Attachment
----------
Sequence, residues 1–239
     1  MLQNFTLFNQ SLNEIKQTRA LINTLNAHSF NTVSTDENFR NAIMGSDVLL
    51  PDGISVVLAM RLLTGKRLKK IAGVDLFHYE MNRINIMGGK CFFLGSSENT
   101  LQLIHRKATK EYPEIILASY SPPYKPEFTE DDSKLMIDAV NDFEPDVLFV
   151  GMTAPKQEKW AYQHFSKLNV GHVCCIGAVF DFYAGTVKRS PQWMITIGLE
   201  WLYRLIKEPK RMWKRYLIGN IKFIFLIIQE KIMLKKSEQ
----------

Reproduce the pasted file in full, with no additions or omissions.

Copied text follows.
Sequence, residues 1–239
     1  MLQNFTLFNQ SLNEIKQTRA LINTLNAHSF NTVSTDENFR NAIMGSDVLL
    51  PDGISVVLAM RLLTGKRLKK IAGVDLFHYE MNRINIMGGK CFFLGSSENT
   101  LQLIHRKATK EYPEIILASY SPPYKPEFTE DDSKLMIDAV NDFEPDVLFV
   151  GMTAPKQEKW AYQHFSKLNV GHVCCIGAVF DFYAGTVKRS PQWMITIGLE
   201  WLYRLIKEPK RMWKRYLIGN IKFIFLIIQE KIMLKKSEQ